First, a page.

From awareness to action: How administrators can manage school bullying

By Madeline Buitelaar

Reports on the rise

In recent years, districts across California have been experiencing a rise in reports of bullying and harassment among students. Today’s youth face ever-increasing avenues where they can be bullied, including the evolving social media landscape. While this may contribute to an increase in actual incidents, there is also greater encouragement to report bullying conduct — and an expectation that administrators will respond swiftly.

Bullying is not against the law. However, anti-bullying policies have been codified in many schools’ student handbooks. Since bullying behavior is not based on a protected category, it generally must be pervasive rather than a single act. Harassment, on the other hand, is based on a protected category and can be either severe or pervasive. Knowing this, administrators need to pay special attention to specific factual circumstances to ensure they respond appropriately to protect their students and their districts.

Are we doing enough to respond to bad behavior?

How schools respond to complaints of bullying and harassment to protect students and, at the same time, their districts, is critical. School administrators have an obligation to protect students, yet the reality is that students who report incidents are not always met with an appropriate response from administrators.  Administrators’ actions, or inaction, are often within the scope of the Oppenheimer Investigations Group’s investigations: Did administrators fail to act upon receipt of allegations of bullying and/or harassment?

Importantly, schools must have a mechanism for reporting bullying. Upon receipt of these reports, administrators must have a process and follow that process. This process should include documenting the report and the steps taken to follow up. Documentation might include administrator notes saved in student files or an online platform for tracking student behavior, as well as retaining relevant email exchanges.

Responses (or lack thereof) have consequences

Even when there is a process, administrators’ responses can still fall short. A lacking response to bullying behavior can lead to its escalation, as well as an inconsistent handling of incidents. This is evident from instances of bullying that have led to investigations.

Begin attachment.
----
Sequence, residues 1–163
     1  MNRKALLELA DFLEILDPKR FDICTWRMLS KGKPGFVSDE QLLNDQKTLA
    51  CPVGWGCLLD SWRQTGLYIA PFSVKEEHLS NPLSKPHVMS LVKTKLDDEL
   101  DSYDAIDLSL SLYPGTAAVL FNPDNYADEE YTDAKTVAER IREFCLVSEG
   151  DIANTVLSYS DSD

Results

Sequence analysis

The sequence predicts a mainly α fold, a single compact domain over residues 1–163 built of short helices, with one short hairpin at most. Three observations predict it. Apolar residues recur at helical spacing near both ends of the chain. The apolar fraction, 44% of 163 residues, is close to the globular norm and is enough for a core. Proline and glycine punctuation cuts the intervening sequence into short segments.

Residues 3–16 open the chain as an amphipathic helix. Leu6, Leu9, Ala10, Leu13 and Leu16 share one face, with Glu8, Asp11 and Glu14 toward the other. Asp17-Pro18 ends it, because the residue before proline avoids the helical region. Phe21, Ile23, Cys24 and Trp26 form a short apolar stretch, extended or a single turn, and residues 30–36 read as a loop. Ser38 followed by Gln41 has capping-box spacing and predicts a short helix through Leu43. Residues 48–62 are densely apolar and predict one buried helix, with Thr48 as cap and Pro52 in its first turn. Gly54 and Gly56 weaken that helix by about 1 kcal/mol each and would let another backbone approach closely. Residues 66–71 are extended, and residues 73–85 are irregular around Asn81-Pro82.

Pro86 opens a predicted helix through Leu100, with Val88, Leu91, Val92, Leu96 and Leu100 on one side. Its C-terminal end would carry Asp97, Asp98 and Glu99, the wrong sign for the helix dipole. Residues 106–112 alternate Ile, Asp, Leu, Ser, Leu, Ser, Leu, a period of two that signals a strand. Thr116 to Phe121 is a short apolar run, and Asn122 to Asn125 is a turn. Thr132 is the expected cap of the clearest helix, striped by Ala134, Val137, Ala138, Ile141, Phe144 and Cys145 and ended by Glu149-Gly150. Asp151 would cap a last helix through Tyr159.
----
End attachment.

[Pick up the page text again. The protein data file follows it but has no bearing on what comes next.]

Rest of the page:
In one case the Oppenheimer Investigations Group office investigated, the district had a process. However, administrators failed to follow their process and did not have any documentation in their possession to prove that they followed their process. Furthermore, administrators in that case did not clearly understand who was in charge, which led to no administrator handling the incident. This investigation resulted in findings against the administrators due to their failure to appropriately respond to reports of bullying.

In a different case where school administrators did not take appropriate measures, administrators did not realize that out-of-school bullying via social media platforms, in this case TikTok, still fell within the scope of their duty to investigate. Their uncertainty contributed to the bullying going unaddressed and is another example of administrators’ response falling short of their obligation to address bullying.

Conversely, in a well-handled case, school administrators took a very different approach. They had a robust process in place for how to respond to bullying, and they followed that process. They documented each report of bullying, placed reports in their online tracking system, saved emails that evidenced their outreach to parents, and called for an investigation when the bullying continued. Administrators at this school took appropriate steps to address the situation and sought the help of external investigators when it became necessary due to the student’s behavior escalating in frequency and severity. Here, the focal point of the investigation was determining the context and circumstances of the underlying conduct since administrators had taken appropriate measures to try to remediate the situation.

It is understandable that bullying cannot always be managed, even with appropriate administrator actions. However, it is key to have a process in place to address bullying, and that such steps are well-documented and communicated to all administrators so there is a uniform response to bullying behavior.

Who should handle an investigation

Administrators have a broad swath of responsibilities, so it can be beneficial to seek the support of a neutral, third party with expertise in investigations to ensure incidents are taken seriously, investigated in a timely manner and appropriate action is taken. Retaining a neutral investigator minimizes the possibility that pre-existing relationships could result in actual or perceived bias in the response to the incident. A thorough investigation can also help administrators to determine what is actually occurring in fraught student relationships, to effectively document both the behavior and the response, and, hopefully, to end the bad behavior. Ultimately, this protects both the districts and their students.

For more information on bullying prevention and board strategies, see CSBA’s recent governance brief “School Safety: Bullying and cyberbullying.


Madeline Buitelaar, AWI-CH, is an attorney with Oppenheimer Investigations Group, a California-based law firm that focuses on impartial workplace and school investigations, as well as trainings, executive coaching, expert testimony and mediation services. She can be reached at